Carl Atkinson

Carl Atkinson, Tom Lewis collection

 

The daily fish feeding ritual is credited to renowned Australian diver Carl Atkinson who lived at the present site of Aquascene from 1945 to 1979. During those years he enjoyed the company of his pet crocodile Cuthbert, Sammy the snake and many greatly loved dogs.

He was a salvage expert, adventurer and lover of all things associated with the sea. He became one of Australia’s most famous deep-sea divers and won huge contracts working Allied ships sunk in Darwin Harbour during the bombing raids of February 1942.

Due to the cumbersome diving equipment used in those days, consisting of weights, helmets and airhoses, Carl was known to have made his own make-shift decompression chamber, however it was also put to good use with the mostly Japanese pearl divers who suffered the ‘bends’ as part of their perilous work. He is known to have saved at least 16 pearl divers lives with this equipment.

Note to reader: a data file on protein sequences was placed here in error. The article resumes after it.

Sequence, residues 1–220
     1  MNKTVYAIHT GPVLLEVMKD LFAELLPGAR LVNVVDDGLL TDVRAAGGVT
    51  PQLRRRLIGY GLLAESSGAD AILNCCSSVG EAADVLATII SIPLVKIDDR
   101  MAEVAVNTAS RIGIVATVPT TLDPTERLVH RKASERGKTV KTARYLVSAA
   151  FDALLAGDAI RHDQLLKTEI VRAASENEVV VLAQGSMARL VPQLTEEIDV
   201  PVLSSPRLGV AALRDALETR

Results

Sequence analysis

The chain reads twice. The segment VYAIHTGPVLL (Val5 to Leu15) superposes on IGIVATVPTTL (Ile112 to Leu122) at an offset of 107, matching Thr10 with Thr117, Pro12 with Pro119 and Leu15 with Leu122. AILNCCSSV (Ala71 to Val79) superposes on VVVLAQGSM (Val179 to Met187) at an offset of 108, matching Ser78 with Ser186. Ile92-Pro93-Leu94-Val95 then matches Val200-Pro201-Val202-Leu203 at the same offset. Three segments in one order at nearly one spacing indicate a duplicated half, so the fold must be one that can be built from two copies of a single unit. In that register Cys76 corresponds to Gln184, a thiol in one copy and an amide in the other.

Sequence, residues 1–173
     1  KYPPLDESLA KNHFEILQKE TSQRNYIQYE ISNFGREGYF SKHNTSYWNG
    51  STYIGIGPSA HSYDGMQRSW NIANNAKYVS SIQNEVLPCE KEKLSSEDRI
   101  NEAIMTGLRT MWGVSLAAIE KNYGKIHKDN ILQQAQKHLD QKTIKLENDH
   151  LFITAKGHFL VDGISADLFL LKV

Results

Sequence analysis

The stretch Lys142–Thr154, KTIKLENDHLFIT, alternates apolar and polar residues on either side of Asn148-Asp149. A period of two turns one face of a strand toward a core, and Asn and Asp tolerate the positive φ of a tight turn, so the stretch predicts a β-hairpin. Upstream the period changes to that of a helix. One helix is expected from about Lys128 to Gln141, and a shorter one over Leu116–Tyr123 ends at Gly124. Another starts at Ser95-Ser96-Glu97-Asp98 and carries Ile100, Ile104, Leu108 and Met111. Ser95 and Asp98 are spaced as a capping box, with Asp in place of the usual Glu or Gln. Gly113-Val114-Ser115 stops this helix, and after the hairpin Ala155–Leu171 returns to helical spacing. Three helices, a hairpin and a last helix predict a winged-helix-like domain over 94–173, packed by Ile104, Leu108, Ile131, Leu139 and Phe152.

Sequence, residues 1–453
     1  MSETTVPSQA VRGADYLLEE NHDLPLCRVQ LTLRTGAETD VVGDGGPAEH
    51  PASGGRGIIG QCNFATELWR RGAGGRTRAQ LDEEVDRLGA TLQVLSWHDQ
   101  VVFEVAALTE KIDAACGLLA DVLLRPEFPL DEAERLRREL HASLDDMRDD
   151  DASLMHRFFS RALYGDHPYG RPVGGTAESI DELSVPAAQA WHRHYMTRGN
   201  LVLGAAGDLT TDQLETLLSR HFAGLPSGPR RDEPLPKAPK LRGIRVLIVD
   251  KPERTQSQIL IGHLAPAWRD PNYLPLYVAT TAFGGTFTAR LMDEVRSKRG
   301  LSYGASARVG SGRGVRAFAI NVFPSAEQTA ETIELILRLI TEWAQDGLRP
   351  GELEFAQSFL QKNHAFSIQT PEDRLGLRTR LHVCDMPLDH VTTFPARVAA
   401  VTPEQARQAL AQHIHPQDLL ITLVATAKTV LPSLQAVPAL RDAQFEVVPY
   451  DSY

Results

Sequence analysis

One day Carl began throwing bread scraps to a few small fish he saw in the water with the thought of creating ‘fresh fish for dinner’. More and more fish came every day on the high tide to be hand fed. Carl never did have his fresh fish for dinner – he always said ‘one doesn’t eat one’s friends!’

A colourful character until his death in 1985, we thank Carl for creating the fish feeding phenomena we enjoy today.